In the past six months, Eliot has turned into a much older dog than he was a year ago.
Earlier this year, he lost his hearing seemingly overnight. I feel like one week he was coming when I whistled, and the next I was trying to teach him hand signals for “come.” He’s not the first deaf dog I’ve had. BT couldn’t hear or see for the last year of her life, maybe more. Though Eliot losing his hearing didn’t bother me outright, it was a fundamental change for him. He started barking a lot more and generally acting more on edge, because he was having trouble adjusting to losing that sense and there isn’t much I can do to help him. I still talk to him like I always do, but even the smartest dogs surely can’t read lips.
People are usually surprised when they find out how old Eliot is. He’ll be twelve in October, which is the early end of life expectancy for a springer. Appearance wise, you’d be hard pressed if you didn’t know him well. His white blaze covers up a lot of the gray hairs that dogs usually get around their muzzle, although now if you look closely you can see white strands sprout up over his eyes and past his blaze. His body is also more swayed and floppy, with a small collection of benign fat tumors and little muscle tone compared to his youth.
When I got Eliot as a puppy, I stroked his soft puppy ears and joked with him that by being my dog, he was entering an ironclad contract of love and companionship. I told him that he was locked in for 14 years, and anything beyond that would handsomely be rewarded as a bonus. Logically, I know my next statement is ridiculous… but I have always kind of expected him to live those 14 years — no questions asked. Last week was the first time since I’ve gotten him that I was scared Eliot might not be able to hold up his end of the bargain.
Two weeks ago, I had a big moving sale to try and move stuff that I knew wasn’t going to make it with me to California. Eliot has always been a nervous guy with a completely unfounded fear of being left alone in an abandoned house, and seeing furniture and boxes pour out of his home really worried him. On top of that, one of my roommates moved out the following week and his little spaniel brain completely went into despair.
He stopped eating. I added cheese and deli meat to his food, but he snubbed his nose at it. I sat with him in the living room before work in the mornings, hand feeding him kibble and delights but couldn’t get him to finish a meal. He moped around like it was the end of days, and I started to worry. Eliot has always been a picky eater, and is not necessarily food driven… but this was extreme. On top of the lack of appetite, he’d been slowing drinking increasing amounts of water over the past several months. My brain went down the dark black hole that is the internet, and I quickly became extremely concerned about his kidneys.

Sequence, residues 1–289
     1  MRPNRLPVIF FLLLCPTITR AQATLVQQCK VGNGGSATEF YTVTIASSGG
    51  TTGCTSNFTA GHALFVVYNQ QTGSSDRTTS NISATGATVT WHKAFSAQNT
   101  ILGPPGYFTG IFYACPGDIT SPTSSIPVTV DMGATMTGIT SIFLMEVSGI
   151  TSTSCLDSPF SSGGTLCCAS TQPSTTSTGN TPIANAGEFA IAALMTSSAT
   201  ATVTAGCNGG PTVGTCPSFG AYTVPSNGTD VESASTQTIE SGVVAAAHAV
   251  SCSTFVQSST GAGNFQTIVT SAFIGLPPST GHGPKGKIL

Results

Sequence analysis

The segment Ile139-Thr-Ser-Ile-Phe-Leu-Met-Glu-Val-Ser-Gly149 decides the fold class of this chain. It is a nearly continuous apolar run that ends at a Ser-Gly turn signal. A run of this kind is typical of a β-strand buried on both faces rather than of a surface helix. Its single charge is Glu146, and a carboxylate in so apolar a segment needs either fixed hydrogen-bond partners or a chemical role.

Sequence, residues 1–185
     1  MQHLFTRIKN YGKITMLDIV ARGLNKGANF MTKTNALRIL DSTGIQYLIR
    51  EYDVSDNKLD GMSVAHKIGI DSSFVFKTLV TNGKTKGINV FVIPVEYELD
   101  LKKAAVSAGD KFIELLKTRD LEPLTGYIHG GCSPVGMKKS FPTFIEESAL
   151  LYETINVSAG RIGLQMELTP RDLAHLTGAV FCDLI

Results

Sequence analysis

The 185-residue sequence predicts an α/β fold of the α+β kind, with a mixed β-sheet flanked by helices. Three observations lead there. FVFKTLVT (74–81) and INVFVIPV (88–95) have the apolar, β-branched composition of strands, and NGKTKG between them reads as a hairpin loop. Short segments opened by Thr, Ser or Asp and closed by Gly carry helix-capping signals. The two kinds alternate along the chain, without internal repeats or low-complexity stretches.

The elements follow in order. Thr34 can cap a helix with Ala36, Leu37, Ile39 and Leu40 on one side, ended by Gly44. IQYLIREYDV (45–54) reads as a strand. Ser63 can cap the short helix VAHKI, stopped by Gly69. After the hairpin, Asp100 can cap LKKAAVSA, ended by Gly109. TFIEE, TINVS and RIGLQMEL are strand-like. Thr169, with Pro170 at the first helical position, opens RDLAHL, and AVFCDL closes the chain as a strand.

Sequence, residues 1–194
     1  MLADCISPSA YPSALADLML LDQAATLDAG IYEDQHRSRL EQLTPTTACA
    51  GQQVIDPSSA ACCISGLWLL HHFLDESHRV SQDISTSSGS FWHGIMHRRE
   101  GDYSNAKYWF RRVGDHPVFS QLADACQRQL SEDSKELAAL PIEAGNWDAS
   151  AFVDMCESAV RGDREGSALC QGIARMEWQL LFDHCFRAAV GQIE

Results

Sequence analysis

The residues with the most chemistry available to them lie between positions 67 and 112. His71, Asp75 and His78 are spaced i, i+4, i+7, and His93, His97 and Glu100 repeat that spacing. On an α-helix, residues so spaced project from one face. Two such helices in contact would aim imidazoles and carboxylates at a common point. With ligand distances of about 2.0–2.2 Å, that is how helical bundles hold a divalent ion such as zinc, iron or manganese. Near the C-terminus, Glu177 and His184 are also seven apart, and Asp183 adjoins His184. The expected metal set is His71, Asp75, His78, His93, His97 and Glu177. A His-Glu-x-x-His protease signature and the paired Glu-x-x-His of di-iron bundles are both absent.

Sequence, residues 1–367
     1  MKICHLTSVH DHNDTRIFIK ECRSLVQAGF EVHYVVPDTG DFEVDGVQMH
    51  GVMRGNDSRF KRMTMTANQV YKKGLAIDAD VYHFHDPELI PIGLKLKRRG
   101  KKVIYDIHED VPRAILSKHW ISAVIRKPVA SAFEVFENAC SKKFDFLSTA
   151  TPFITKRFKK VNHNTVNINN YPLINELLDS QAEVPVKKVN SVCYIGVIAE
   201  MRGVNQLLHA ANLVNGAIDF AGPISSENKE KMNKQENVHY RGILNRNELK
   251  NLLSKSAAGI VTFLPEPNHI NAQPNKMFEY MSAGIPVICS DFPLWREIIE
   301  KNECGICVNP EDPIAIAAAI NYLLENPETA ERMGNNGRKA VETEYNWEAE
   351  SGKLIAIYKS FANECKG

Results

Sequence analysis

I took him into my vet, who is a Texan small animal god in my eyes. The perfect combination of straight forward but non-alarmist, and even as I spewed all of Eliot’s symptoms with my voice on the edge of panic — I knew my vet would take the right path. We did bloodwork, and he told me to give Eliot 20mg of omeprazole daily to help with what he thought was stomach acid causing him some digestive troubles.
When the results came in, I was surprised but ecstatic to hear that all of Eliot’s levels are normal. Three days in, the antacid was helping with his tummy and mixing a little bit of wet food into his kibble returned a stable appetite. We’re still trying to figure out why he’s throwing up bile 6-10 hours after eating, but his excellent bloodwork relieves any fears of something major going on. It seems his contract isn’t up with me quite yet after all.
Three years ago in the height of Eliot’s aggression with BT, I almost wished a health issue would make a euthanasia decision easy for me. Living with a mentally troubled, aggressive dog is not easy — for you or the animals. But mentally, Eliot is doing great these days. He’s not perfect and he’s not allowed around strange dogs or children, but 90% of the time he is excellent with Pascale and my roommate’s dog. Time has healed the hurt and the fear he put in my household after attacking BT.
Right now, I need this old spaniel around. He’s an entirely different dog than Pascale. Instead of following me around like a shadow and sleeping by my side every night, he’s more of a soft presence in the room. The old dog loves me fiercely. My roommates tell me the lack of appetite that worried me so much last week is the same thing he does every time I leave on vacation.
I look forward to him licking me on the cheek when I get home from work everyday, an act he only saves for the most important people when they first arrive back home. I don’t feel right if I leave the house in the morning without stroking the tops of his long, soft ears before I walk out the door.
This little health scare has made me realize that Eliot is more than just a dog to me. He’s the last member of my original family unit: Me, Tim, Eliot and BT. Eliot was at my engagement, my wedding — at every important milestone of my adult life. The risk of losing him feels like losing something much greater.
At twelve, things are only going to get harder from here. I know that, and I will enjoy the days I have with him and do my best to make good decisions for his health throughout the end of his contract. I just hope there’s a lot more time. I’m not ready, not yet.